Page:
Go to Content Go to Navigation Go to Navigation Go to Site Search Homepage

As threats to care loom on federal level, health care providers, educators, and activists mobilize on Beacon Hill


BOSTON—More than 500 people across Massachusetts asked their state lawmakers Tuesday to champion sexual health policies that will expand access to care and improve the health and wellbeing of their communities. Advocates assembled on Beacon Hill as part of a Sexual Health Lobby Day hosted by a coalition of 41 health care providers, educators, and advocacy groups.

“When we expand access to sexual health care, defend reproductive rights, and dismantle barriers to care, all people lead healthier lives,” said Dr. Jennifer Childs-Roshak, president of Planned Parenthood Advocacy Fund of Massachusetts, one of the organizations hosting the event. “Massachusetts needs smart sexual and reproductive health policies to build on the progress we’ve made and protect against renewed efforts to block people from the care they need. In this national political environment, the time is now for these proactive proposals to become reality in our state.” 

Advocates encouraged their legislators to co-sponsor a three bills, including An Act Relative to advancing contraception coverage and economic security in our state (ACCESS), which would close persisting loopholes that deny some women affordable access to the contraception that’s right for them and safeguard all women’s access to no-copay contraception, and An Act Relative to Protecting Access to Confidential Health Care, which would eliminate the potential for confidentiality breaches for patients insured as dependents. Advocates also sought support for An Act Relative to Healthy Youth that would ensure schools that elect to teach sex education choose a curriculum that is medically accurate, age appropriate and comprehensive.

“Sexual Health Lobby Day couldn’t have come at a better time.  With access to women’s health care under assault around the country, Massachusetts needs to lead in ensuring that our population is protected,” said Massachusetts Senate Majority Leader Harriette L. Chandler. “That’s why I filed the ACCESS bill to ensure that all women continue to receive adequate contraceptive health care coverage without a co-pay.”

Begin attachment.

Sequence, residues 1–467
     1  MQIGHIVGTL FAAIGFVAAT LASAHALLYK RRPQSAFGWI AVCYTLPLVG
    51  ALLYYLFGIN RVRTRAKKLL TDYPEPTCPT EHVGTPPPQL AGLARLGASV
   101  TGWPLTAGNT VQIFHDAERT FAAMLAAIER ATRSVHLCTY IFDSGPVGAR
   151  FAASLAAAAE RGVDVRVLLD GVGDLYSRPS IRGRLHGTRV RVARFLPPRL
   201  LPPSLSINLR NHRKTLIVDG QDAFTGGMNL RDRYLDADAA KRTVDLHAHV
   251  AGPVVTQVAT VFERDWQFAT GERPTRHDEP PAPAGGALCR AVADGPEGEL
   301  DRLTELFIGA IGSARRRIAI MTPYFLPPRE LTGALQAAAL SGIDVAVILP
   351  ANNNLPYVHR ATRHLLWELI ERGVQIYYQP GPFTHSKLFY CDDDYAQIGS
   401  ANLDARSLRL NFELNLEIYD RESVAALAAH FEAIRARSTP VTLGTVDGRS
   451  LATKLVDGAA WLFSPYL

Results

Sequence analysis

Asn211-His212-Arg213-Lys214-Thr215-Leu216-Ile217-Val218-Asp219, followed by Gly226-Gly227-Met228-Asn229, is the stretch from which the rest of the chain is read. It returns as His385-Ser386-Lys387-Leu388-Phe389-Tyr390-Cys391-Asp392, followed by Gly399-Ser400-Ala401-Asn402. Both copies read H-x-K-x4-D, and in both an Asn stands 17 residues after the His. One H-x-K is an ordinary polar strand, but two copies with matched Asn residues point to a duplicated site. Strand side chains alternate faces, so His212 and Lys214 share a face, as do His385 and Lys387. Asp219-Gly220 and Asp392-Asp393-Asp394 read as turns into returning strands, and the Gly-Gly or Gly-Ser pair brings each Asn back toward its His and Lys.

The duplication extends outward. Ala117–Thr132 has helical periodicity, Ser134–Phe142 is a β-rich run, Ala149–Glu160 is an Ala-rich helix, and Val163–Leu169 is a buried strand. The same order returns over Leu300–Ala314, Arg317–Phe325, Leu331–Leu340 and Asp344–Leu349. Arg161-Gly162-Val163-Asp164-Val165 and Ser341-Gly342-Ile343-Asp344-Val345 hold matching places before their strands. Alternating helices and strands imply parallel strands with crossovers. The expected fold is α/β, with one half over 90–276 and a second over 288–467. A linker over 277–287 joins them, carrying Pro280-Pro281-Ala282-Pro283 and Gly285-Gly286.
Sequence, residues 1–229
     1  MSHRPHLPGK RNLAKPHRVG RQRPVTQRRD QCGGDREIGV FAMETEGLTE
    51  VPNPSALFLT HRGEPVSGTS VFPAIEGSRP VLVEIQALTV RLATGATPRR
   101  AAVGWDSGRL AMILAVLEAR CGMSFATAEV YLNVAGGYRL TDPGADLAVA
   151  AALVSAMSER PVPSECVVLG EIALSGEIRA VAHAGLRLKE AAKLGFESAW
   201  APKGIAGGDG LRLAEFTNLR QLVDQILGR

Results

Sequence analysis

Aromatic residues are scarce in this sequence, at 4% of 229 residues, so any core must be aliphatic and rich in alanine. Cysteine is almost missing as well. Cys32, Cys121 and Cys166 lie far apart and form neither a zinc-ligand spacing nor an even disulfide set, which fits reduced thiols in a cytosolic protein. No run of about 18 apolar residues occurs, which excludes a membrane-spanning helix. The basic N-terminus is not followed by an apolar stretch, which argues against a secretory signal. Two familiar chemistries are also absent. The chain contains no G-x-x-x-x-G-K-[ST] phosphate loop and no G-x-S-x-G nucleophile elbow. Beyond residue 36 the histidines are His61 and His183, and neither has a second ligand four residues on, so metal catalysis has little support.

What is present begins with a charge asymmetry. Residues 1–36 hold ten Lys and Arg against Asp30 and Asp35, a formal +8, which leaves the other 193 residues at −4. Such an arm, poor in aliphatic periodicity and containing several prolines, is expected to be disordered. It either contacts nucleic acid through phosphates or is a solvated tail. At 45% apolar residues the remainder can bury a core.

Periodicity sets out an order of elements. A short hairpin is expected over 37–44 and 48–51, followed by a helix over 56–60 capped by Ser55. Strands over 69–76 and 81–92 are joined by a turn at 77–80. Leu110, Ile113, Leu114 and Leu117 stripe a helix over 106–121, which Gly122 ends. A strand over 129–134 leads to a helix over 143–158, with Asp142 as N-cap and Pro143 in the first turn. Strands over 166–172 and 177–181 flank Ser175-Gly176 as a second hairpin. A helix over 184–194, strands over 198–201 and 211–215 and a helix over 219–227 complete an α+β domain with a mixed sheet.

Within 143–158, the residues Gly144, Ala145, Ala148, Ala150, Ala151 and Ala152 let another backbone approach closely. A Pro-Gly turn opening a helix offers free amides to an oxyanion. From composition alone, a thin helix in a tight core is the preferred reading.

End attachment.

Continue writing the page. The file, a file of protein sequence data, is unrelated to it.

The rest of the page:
Representative Patricia A. Haddad, Speaker Pro Tempore and co-sponsor of the ACCESS bill, said: “Every woman in Massachusetts, regardless of her income, social status or insurance plan, deserves access to basic preventive health care. We in the Commonwealth have long been a leader in expanding health care access, and now more than ever, we are committed to moving the state forward to ensure that no individual is left by the wayside.” 

A number of state lawmakers and elected leaders joined their constituents to show support for smart sexual and reproductive health policies. The speaking program included remarks from state Senator Sal DiDomenico, state Representative Marjorie Decker, state Representative Juana Matias, peer leaders from the Massachusetts Family Planning Association’s Fall River Program, and members of the Get Real Teen Council, a sexual health peer education program run by Planned Parenthood League of Massachusetts.

“I am thrilled to join hundreds of sexual health advocates from across the commonwealth for the Sexual Health Lobby Day at the Massachusetts State House,” said Representative Matias, who spoke about the importance of comprehensive sex education. “The decisions youth make regarding their well-being has profound impacts on their health and welfare for the rest of their lives. Young people have the right to lead healthy lives, and society has the responsibility to prepare youth by providing them with accurate, comprehensive sexual health education that gives them the tools they need to make healthy decisions.”

Sexual Health Lobby Day was co-sponsored by Co-sponsored by AAUW-Massachusetts; AIDS Action Committee; American Civil Liberties Union of Massachusetts; Asian-American Women’s Political Initiative; BAGLY Inc.; Boston Area Rape Crisis Center; Catholics for Choice; Cambridge Health Alliance - Sexual and Reproductive Health Program;

Eastern Massachusetts Abortion Fund; Fenway Health; GLAD: GLBTQ Legal Advocates & Defenders; Greater Boston PFLAG; Health Care For All; Health Imperatives; Health Quarters; Ibis Reproductive Health; Jane Doe Inc.; Jewish Alliance for Law and Social Action; League of Women Voters; Mass NOW; Massachusetts Alliance on Teen Pregnancy; Massachusetts Commission on LGBTQ Youth; Massachusetts Commission on the Status of Women; Massachusetts Family Planning Association; Massachusetts Public Health Association;

Massachusetts Transgender Political Coalition; MassEquality; Moishe Kavod House; NARAL Pro-Choice Massachusetts; National Association of Social Workers – MA; National Network of Abortion Funds (NNAF); Our Bodies, Ourselves; Partners in Sex Education; Planned Parenthood Advocacy Fund of Massachusetts; Pleasure Pie; Sidney Borum Jr. Health Center; Tapestry; Tufts Medical Students for Choice; Women's Bar Association of Massachusetts; Women’s Health Physical Therapy; YWCA Central Massachusetts.



A June 2016 poll found 77 percent of Massachusetts voters support sex education in middle school, and 90 percent support sex education in high school. Not only do the majority of voters think young people should receive sex education in school, 86 percent think sex education program should be comprehensive. That same poll found 88 percent of Massachusetts voters support government funding for family planning services.